If you don't want to test by pricking your finger, you can just water fast for 7 days and you'd likely be good. Maybe do this a couple of times a year as Seyfried suggests for prevention.

Toronto doc, Jason Fung, has a whole series on fasting, which he uses to treat diabetes & metabolic issues in his patients. His series starts here: https://intensivedietarymanagement.com/ ... ry-part-i/
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Re: Ketogenic Diet: Transitioning, Experiences, Reasons, Cautions ...

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Back in this thread there is a discussion of breath acetone vs. serum ketones. I captured a screenshot from a presentation on the Ketonix website. The person water fasted for 5 days. The graph only shows 3 days of data (that these are the last 3 days is implied). For the first two days shown on the graph the glucose and acetone are constant. Then there is a slope break. Serum ketones continue to increase - making the point they are a storage form. The person likely started from a high carb diet and it took a couple of days to start showing ketones. By way of comparison I was at 57 mg/dL (3.2 mmol/L) glucose and 5.6 mmol/L ketones at two days of fasting.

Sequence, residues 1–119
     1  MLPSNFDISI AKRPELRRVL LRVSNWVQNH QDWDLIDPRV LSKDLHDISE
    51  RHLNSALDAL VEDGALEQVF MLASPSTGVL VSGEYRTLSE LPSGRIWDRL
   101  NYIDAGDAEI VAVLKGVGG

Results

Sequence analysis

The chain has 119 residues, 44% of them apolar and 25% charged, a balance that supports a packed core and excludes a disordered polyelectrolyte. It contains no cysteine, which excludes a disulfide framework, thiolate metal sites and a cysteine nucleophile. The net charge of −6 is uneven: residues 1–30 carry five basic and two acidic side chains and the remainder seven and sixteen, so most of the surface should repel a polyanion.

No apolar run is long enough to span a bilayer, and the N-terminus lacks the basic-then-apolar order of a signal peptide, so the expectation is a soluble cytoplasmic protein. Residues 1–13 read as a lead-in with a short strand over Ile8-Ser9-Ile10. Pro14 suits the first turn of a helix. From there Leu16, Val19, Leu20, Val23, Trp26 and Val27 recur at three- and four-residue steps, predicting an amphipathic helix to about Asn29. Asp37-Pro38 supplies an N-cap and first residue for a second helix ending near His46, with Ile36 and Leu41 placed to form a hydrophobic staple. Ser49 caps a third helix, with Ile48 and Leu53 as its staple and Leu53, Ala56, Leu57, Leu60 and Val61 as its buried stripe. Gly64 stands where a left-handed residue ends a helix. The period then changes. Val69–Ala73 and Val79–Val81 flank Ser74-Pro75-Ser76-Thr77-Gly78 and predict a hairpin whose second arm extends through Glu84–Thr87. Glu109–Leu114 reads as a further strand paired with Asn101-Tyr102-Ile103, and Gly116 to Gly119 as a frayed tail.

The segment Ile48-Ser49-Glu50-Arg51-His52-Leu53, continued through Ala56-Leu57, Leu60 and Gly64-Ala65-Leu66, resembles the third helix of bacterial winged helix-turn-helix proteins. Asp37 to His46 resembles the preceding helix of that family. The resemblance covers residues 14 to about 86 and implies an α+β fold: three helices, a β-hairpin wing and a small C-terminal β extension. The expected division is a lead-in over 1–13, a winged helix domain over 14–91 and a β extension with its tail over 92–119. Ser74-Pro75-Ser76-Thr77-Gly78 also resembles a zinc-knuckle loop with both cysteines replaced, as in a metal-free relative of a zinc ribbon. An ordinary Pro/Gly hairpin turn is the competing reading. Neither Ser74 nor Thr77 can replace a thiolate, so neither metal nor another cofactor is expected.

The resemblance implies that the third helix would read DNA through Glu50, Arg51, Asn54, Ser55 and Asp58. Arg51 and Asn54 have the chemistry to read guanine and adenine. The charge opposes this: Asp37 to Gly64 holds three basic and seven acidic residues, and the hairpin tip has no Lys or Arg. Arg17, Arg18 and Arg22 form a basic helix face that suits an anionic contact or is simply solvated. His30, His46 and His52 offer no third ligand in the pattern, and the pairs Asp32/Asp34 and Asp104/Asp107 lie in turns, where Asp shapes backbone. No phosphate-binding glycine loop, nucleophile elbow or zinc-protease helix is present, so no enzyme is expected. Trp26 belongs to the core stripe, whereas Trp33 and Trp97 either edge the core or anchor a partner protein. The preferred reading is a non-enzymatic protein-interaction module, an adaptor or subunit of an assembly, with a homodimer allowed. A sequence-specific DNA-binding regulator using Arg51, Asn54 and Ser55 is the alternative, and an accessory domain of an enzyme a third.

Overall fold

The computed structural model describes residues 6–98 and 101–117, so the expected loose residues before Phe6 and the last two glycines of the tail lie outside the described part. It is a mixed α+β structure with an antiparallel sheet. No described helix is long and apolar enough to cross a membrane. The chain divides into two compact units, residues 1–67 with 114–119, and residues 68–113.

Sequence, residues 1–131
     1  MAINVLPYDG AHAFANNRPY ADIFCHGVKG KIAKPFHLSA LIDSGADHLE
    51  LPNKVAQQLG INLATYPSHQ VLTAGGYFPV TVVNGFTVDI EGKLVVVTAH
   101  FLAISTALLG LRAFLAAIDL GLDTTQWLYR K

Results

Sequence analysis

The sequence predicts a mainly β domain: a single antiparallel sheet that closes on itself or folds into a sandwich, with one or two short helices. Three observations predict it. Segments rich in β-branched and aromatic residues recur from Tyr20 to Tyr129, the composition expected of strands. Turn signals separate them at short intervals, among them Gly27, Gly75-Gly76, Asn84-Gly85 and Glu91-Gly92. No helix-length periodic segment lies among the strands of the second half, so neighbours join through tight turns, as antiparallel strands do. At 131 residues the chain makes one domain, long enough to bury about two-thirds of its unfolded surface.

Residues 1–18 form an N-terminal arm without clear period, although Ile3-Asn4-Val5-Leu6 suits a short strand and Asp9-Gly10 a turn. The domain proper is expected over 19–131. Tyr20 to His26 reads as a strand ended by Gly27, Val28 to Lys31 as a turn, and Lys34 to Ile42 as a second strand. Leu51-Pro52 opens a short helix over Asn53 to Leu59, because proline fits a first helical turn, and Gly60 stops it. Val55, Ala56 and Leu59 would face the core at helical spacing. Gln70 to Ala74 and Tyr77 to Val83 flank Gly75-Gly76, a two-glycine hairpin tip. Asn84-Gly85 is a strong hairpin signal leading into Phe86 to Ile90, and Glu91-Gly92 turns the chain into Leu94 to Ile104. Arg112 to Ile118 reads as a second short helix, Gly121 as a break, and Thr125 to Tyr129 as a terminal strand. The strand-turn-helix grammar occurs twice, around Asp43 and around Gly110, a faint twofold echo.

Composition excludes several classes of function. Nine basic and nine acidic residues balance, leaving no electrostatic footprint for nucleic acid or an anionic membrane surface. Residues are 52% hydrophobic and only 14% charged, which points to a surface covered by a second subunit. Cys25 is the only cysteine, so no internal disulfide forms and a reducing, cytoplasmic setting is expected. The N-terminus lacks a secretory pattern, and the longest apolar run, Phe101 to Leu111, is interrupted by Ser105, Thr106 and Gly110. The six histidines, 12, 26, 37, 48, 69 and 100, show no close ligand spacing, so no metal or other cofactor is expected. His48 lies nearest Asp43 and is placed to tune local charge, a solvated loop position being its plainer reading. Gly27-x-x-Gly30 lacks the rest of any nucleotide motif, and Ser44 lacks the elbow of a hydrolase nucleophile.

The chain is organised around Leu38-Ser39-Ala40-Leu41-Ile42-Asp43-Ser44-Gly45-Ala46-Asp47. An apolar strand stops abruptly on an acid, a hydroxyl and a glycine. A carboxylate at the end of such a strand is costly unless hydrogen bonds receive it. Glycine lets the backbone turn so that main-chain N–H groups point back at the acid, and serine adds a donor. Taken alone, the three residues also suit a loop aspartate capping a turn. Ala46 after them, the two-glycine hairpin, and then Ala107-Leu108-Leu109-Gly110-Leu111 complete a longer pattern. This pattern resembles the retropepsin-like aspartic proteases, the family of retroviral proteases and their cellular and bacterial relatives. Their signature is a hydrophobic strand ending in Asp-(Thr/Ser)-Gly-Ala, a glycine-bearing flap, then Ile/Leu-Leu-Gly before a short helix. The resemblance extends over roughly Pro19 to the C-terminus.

To visualize the Glucose/Ketone index, I've computed and put it on the graph. Likewise I've converted glucose into mg/dL for those used to those units. To me, the glucose seems high for a fasting person, but that is just my experience.
Acetone ketone glucose Ketonix.png
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Re: Ketogenic Diet: Transitioning, Experiences, Reasons, Cautions ...

Post by J11 »

Simply could not imagine the morality of anyone who would allow millions of people to suffer through an illness whose theoretical cure might have been arrived at perhaps a 100 years ago. Certainly would not be able to live without myself, if I were in the know on this one.

If we were to try to amp up the basic ketocure for cancer, what might be especially helpful?
Some of the trials conducted in cancer so far have included patients that were allowed to eat a 1500-2000 cal per day.
Some of the patients never developed ketosis.
Some of them appear to also sneak in some potato chips here and there.

Caloric restriction would seem to be a good one, though the starvation route to ketosis is quite low calorie already,
For the more serious keto clinical trials, perhaps ketone esters, 2-deoxyglucose (2-DG)?

This one seems very very serious. Reduce serum glucose to 0?
I am very unsure how one can bring down glucose levels that low without symptoms of hypoglycemia.

Starvation of cancer via induced ketogenesis and severe hypoglycemia
http://www.ncbi.nlm.nih.gov/pubmed/25579853